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Roman Coppola Talks Four Stories
Rod Kitson , November 29th, 2012 08:55

Roman Coppola explains his corporate short film project to Rod Kitson

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Through a cynic's monocle it looked like the most subversive piece of product placement to emerge from a marketing executive's Moleskine. Independent filmmakers were given the funds to make their scripts into 10-minute shorts, produced by Roman Coppola, son of Francis Ford - the only catch being that this was a sponsored competition. All the scripts submitted had to feature a certain brand of PC, and had to be set inside a certain hotel chain. As Coppola told the Quietus: "The main constraints - or 'challenges' - to work with were that because it was sponsored by W Hotels and Intel, the shorts all had to feature the hotel as well as feature the computer."

The winning entries that made up Four Stories were unveiled at a media event at the Prince Charles Cinema on Tuesday November 27. Perhaps to add weight to the ensemble, definitely to plug his own full-length picture A Glimpse Inside the Mind of Charles Swan III (scheduled for a February release in the USA; UK date is tbc), Coppola pitched in with a fifth short, which frankly made a mockery of the title.

Four Stories now comprised a quintet, or "a five film quartet", as compère for the night Mark Kermode put it. The addition of Kermode was something of a coup for the organisers, as without him the hastily arranged competition might have ponged even more of a glorified advertising campaign. In his introduction, the acerbic film critic was quick to sing the praises of the exquisite Intel Ultrabook and the palatial wonder of W Hotels' global abodes. The shorts themselves were a mixed bag, ranging from polished love story-cum-advert to polished holiday ramble-cum-advert.

The hotel aspect wasn't overly rammed down the viewer's throat – lots of movies are set in hotels, after all. Directed by Lee Toland Krieger, Modern/Love had more than a whiff of Lost in Translation, but without the effortless charm of Bill Murray, or indeed a storyline that lifted its head above the Bacardi Breezer ad parapet for more than a second. Good-looking bloke meets girl in an internet chat room (that's the Intel Ultrabook bit – in shops now, just £649); coyness, flirting and emoticons aplenty ensue.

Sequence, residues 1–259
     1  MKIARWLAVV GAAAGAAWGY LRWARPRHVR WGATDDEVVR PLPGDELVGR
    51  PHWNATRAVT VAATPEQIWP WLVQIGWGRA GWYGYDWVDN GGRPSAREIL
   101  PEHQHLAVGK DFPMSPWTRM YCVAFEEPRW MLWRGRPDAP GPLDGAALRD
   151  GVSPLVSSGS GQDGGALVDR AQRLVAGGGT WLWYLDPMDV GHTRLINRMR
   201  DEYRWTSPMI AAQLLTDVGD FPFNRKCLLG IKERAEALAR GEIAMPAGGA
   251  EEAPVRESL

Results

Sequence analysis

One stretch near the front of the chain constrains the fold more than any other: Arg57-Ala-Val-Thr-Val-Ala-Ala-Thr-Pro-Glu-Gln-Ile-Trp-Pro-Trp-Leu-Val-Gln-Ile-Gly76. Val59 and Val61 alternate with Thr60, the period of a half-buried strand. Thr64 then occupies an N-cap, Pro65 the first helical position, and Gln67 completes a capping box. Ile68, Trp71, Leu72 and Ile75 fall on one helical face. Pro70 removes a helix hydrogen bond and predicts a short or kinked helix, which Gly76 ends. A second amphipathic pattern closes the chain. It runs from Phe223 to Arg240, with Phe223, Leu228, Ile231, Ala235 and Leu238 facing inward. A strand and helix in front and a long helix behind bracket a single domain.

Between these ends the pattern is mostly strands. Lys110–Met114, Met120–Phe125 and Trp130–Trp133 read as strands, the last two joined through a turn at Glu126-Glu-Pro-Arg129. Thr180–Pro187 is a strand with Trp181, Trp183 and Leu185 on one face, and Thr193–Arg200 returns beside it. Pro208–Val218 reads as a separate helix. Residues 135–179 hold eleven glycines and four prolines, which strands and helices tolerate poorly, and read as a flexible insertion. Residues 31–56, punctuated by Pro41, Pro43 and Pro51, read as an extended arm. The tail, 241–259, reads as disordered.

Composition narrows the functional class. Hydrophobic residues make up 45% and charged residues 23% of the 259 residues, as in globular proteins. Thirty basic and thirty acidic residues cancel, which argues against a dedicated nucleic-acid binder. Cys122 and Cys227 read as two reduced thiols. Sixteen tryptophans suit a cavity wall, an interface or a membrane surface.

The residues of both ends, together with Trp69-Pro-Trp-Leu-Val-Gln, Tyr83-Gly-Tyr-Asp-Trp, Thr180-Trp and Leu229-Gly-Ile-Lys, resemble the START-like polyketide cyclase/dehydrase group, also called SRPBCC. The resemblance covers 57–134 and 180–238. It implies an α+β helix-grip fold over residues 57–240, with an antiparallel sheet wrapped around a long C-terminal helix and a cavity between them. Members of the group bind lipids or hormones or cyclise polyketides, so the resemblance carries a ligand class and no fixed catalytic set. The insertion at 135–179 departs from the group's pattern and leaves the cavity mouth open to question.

Lake Bell's El Tonto! was sort of like Napoleon Dynamite meets Nacho Libre: a touching bromance between awkward nerd and strapping wrestler. This lighter offering paid little heed to the sponsors, its comedic palette sitting easier with the concept than the opener, while a language barrier (wrestler only speaks Spanish, nerd only speaks English) helped exude the quirky feel of a silent short.

Spencer Susser's Eugene was the most faithful to its paymasters, and could have been an outtake from The Hangover. Michael Govier's superfast Intel Ultrabook has a welcome glitch: a genie that grants the beardy introvert (like a budget Zach Galifianakis) whatever he desires. After he's bored himself with all the man-child commodities one can handle, he realises how futile the ownership of possessions really is, and with the genie's power summons the leggy brunette who blanked him in the corridor earlier. Cue baffling twist which resolves nothing.

The wistful cinematography of The Mirror Between Us was negated by the film's excessively high production values, its narrative being a soft-focus hotchpotch which could have worked with a more indie treatment. It ended up going nowhere, certainly not as far as the stunning backdrop of the Maldives (W Hotels has beautiful hotels all over the globe - book now). As shallow as the islands' crystal blue waters this may have been, but director Kahlil Joseph was certainly shrewd in picking his location.

Coppola's finale, albeit tacked on, was the best of the bunch. The light touch of experience punctuated the vampire gore of Die Again, Undead One. As a slightly embarrassed send-up of the whole sordid contest, he perhaps over-egged the saccharine ironies that were the constant plugs for his upcoming feature.

The winning films were picked from more than 1000 entries, Coppola conceding: "There were a handful of entries that had similar ideas in that when you're dealing with a computer in a hotel, there's only so many places you can go. It was done very cheaply and we did it very quickly. We did it all over the world but there were challenges with regard to shooting in settings where there was very little film community."

That the winners lacked any real originality was no accident, a fact that put into sharp focus the flaws of the competition. "Some of the more interesting ideas were not suitable for our schedule and our budget," noted the producer. "There were some pretty wild ones that deserve an honourable mention because they were very unusual, but unfortunately, due to their unusual nature, were unsuitable to film."

Which says a lot about the concept, being that the real stars were made of bricks and mortar: "We wanted to show an array of hotels that are part of the W collection, so that was part of the inspiration as well as the directors' interest."

Four Stories can be viewed online here.